Final post on Combinatorial Maps of Cuneane

EDIT : Updated with new image.
Well, unless I can make a more horrifying diagram than this:

..but I think that's unlikely. An explanation - if such a thing is possible - is that the red/purple arrows correspond to a kind of inside-out operation. So the triangular map (M3) at the bottom can be converted to the square (M4) by choosing the purple darts (2, 14, 16, 5) as the boundary, and putting everything else on the inside. The cycle (1, 4, 9, 20, 22) is red because it is the boundary of the pentagonal map (M5).

So, it seems like ϕ(M4) is α(ϕ(M5)) - so the cycle (0,8,23,21,5) in ϕ(M4) is (1,9,22,20,4) in ϕ(M5). That is, because (α[0] = 1, α[8] = 9, α[23] = 22 ...). However ϕ(M3) = ϕ(M5), which is confusing. Oh well

So I have updated the image so that all three 'maps' have the same cycles. Which means they have the same ϕ and therefore the same σ. I guess this means I misunderstood what a CM actually is : you can get 'different' embeddings with the same σ. Here is a summary diagram:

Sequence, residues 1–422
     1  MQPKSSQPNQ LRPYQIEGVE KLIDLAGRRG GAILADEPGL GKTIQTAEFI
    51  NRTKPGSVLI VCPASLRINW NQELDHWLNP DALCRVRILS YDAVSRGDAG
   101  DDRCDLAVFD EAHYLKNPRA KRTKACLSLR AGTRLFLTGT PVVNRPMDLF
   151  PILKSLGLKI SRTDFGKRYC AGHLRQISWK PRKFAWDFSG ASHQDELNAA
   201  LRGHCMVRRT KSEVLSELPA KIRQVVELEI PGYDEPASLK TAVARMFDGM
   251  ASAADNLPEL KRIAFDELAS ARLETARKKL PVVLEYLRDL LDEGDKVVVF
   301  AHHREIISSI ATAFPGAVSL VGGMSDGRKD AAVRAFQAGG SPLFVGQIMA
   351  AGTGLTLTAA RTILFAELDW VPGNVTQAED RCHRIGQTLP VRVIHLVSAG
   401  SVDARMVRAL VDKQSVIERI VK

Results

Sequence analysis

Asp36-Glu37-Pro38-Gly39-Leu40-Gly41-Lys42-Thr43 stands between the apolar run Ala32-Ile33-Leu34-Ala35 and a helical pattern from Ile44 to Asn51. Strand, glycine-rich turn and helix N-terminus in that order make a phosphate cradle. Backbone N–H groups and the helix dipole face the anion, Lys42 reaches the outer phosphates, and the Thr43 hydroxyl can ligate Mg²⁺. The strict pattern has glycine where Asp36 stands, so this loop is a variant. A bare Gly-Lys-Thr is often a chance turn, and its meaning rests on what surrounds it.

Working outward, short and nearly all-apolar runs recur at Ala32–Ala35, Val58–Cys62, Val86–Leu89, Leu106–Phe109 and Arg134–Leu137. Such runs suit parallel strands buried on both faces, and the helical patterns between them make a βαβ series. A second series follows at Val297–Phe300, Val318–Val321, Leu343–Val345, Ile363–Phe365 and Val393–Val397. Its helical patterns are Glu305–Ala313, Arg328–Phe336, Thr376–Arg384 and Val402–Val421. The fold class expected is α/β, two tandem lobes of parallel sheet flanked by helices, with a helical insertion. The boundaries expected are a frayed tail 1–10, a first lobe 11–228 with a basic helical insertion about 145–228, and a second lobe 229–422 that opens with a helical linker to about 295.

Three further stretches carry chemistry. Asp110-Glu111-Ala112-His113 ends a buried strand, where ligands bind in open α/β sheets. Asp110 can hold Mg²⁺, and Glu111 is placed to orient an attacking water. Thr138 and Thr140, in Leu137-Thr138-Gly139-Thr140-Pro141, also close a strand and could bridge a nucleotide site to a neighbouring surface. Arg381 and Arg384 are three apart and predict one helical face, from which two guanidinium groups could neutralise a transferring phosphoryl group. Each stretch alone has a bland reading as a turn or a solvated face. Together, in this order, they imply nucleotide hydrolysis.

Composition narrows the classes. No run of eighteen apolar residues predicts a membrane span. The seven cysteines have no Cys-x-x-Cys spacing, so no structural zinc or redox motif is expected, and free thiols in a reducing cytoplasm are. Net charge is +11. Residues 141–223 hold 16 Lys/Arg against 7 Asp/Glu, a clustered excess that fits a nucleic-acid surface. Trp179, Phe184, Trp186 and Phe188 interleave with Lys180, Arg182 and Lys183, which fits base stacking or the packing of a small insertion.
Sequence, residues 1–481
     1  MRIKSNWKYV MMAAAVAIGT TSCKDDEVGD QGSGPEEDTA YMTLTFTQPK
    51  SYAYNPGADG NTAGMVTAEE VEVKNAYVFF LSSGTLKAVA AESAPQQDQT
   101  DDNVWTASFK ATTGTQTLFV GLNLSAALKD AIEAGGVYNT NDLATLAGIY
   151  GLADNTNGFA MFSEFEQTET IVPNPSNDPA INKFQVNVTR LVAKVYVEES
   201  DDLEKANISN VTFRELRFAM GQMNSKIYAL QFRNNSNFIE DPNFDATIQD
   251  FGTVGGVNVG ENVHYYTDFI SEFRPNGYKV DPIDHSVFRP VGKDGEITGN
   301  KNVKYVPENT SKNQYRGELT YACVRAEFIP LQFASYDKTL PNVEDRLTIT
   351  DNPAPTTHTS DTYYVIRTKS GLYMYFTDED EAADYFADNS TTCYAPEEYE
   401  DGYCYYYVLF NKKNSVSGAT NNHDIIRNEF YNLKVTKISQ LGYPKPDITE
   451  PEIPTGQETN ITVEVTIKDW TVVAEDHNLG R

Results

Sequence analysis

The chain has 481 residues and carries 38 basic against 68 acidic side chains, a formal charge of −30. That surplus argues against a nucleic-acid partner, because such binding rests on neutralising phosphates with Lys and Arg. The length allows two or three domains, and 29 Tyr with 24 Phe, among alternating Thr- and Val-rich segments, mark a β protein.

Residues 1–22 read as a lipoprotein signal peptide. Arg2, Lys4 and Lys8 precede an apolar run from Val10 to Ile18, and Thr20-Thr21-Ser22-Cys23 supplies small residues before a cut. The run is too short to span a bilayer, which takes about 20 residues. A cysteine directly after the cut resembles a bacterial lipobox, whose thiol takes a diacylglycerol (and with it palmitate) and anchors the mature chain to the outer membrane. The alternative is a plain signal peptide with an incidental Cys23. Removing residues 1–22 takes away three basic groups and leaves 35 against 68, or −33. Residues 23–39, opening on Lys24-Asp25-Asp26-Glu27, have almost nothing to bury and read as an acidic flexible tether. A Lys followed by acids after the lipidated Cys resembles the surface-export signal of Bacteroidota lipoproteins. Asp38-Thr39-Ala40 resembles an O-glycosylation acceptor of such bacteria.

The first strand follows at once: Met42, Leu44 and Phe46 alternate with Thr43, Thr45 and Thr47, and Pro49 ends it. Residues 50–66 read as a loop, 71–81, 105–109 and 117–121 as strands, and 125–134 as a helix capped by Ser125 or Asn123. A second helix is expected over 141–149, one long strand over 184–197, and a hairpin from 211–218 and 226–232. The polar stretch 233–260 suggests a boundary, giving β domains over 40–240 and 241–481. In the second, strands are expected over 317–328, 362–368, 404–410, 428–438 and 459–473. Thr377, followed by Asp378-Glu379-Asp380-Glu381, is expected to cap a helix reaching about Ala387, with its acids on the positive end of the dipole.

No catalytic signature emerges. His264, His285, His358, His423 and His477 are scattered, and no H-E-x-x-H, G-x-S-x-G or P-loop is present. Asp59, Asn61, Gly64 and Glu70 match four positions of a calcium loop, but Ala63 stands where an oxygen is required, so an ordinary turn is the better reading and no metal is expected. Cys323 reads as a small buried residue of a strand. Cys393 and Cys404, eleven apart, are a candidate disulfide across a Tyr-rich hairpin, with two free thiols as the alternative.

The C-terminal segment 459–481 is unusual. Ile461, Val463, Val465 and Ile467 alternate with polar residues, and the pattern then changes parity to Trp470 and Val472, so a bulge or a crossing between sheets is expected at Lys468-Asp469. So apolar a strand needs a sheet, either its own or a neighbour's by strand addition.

Which is just the same diagram, without all the numbers. Colored arrows in the faces show cycles of darts chosen as the bounding faces according to the same colored arrows joining maps. Note that the 4-cycle in CM3 chosen as the bounds for CM4 has to be flipped. So does the 5-cycle in CM3 chosen as the bounds of CM5. Perhaps there is still a transformation wrong here somewhere.

ANOTHER EDIT : After flipping CM5, and labelling the cycles (A-F/a-f : clockwise is uppercase, anticlockwise is lowercase) it is better.

The transitions are quite simple, really. Take a clockwise face, and make it anticlockwise (eg: B->b, red arrow from CM3 to CM5) and make the anticlockwise outer face clockwise (d -> D). These changes are on the red/purple arrows between maps. Under each map is a summary of the cycles, which really just shows that the outer face is anticlockwise and the others are clockwise.


chembioinfo said…
This provokes a lot of ideas and question in ones mind.
It also reminds me of flow optimisation problem in computer science.
Anonymous said…
I love this game :)